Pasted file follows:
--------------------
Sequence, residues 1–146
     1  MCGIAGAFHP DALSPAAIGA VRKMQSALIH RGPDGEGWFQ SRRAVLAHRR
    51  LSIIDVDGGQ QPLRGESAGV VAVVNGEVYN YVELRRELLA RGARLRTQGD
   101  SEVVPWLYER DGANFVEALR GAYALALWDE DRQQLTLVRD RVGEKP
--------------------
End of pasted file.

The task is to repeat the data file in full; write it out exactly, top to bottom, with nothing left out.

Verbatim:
Sequence, residues 1–146
     1  MCGIAGAFHP DALSPAAIGA VRKMQSALIH RGPDGEGWFQ SRRAVLAHRR
    51  LSIIDVDGGQ QPLRGESAGV VAVVNGEVYN YVELRRELLA RGARLRTQGD
   101  SEVVPWLYER DGANFVEALR GAYALALWDE DRQQLTLVRD RVGEKP